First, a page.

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Along many parts of the Russia’s coastline, tourism (if any) has developed in a haphazard and unplanned fashion and causes major environmental and social problems. Western and Russian tourist activity significantly differ mainly in terms of infrastructure development and objectives.

Russian leisure time is often spent in nature, e.g. on natural beaches, and involves gathering berries and mushrooms for winter, amateur fishery (recently by inexpensive and effective monofilament nets) and less often hunting (including in prohibited season). These activities are deeply rooted in traditions and history.

Coastal code assessment

Assessment of the Coastal Code approach in Northwest Russia included the issue of sustainable tourism and was done in the framework of a pilot project for integrated development of the coastal zone of Kingisepp District (Leningrad Region). It was implemented jointly by EUCC and Baltic Fund for Nature (BFN). Sponsor of the project was the 1998 Pin-Matra programme of the Dutch Ministry of Agriculture, Nature Management and Fisheries.


The project determined whether the guidelines proposed in the European Code of Conduct for Coastal Zones are adequately reflected in the existing strategic and development plans of the area.


Main objectives of the project were:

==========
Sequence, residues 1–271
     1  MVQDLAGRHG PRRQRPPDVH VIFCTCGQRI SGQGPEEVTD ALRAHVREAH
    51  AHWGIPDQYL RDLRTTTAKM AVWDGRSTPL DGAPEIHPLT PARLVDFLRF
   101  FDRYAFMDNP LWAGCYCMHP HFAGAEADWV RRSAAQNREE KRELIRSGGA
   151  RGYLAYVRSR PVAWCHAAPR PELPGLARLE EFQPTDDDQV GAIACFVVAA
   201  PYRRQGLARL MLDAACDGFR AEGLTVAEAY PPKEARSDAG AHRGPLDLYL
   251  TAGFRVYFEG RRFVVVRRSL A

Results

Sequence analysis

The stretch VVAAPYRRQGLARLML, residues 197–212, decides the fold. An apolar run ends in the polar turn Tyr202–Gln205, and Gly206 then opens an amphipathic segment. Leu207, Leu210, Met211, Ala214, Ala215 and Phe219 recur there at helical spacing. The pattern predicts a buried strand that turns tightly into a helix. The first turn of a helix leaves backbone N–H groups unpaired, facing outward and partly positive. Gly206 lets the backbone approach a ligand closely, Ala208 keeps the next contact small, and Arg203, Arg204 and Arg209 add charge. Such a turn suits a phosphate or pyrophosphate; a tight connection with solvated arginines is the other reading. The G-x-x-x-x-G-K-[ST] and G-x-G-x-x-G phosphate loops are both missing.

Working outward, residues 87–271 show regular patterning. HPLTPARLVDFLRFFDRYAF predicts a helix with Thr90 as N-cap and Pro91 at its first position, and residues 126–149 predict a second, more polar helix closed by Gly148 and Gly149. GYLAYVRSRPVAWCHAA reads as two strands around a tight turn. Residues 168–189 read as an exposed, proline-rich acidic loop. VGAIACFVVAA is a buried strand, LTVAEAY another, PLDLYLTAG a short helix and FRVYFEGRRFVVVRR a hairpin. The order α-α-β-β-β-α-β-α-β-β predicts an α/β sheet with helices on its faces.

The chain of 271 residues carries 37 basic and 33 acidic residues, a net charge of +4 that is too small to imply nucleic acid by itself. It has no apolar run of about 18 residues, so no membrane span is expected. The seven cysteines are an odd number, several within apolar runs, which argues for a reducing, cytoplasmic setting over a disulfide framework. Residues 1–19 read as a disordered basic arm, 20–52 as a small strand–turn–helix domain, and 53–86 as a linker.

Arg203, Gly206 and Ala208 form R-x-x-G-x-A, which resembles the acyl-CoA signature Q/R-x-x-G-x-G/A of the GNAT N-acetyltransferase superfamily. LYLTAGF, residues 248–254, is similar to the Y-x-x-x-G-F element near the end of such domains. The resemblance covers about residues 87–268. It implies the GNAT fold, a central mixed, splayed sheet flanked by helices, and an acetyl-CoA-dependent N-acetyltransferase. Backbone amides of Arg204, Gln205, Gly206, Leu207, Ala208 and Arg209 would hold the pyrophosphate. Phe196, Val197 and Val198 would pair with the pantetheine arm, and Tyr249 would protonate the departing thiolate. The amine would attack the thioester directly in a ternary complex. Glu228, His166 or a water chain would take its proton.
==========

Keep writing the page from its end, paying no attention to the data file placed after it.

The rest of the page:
• Characterise the environment of the coastal zone;
  • Analyse common practice and trends of coastal zone management;
  • Assess the ecological status of coastal habitats and biological communities and determine negative human impacts;
  • Select those approaches of the Coastal Code, which are best suited to tackle problems related to biodiversity loss in Kingisepp District;
  • Work out recommendations on optimising the Coastal Code taking Russian specificities into consideration.


Analysis of the situation in Kingisepp District had shown that organised tourism was developed poorly in the area. Only 50% of Coastal Code guidelines had been applied in management practices of Kingisepp District. In particular, the following ones were not respected:

  • Integrate sectoral development in coastal zone management;
  • Non-development zones;
  • Protected coastal land and seascapes;
  • Realisation of polluter pays principle.

The most suitable areas for development of tourism in the district are those adjacent to the Gulf. Taking that into account, the administration of the district took the decision to construct a tourist complex at the shore of Narva Bay. The projected area is 4,500 ha and its recreation capacity is 50.000 person per day. The project will require large investments from the local goverment.


Main difficulties of realising Coastal Code principles in practice were formulated as follows:

  • Recent economical difficulties in Russia;
  • Lack of effective instruments for motivating inhabitants and businesses to apply nature-friendly methods of management;
  • Lack of traditions of environmentally friendly behaviour among population.

Further information

Incorporation (1999) of the principles and guidelines of the Coastal Code and ECMEN into the ICZM programme being developed in the Kingisepp District, Russia. St. Petersburg, BFN.

Contacts: Alan Pickaver -;
Dr. Vladimir B. Pogrebov -

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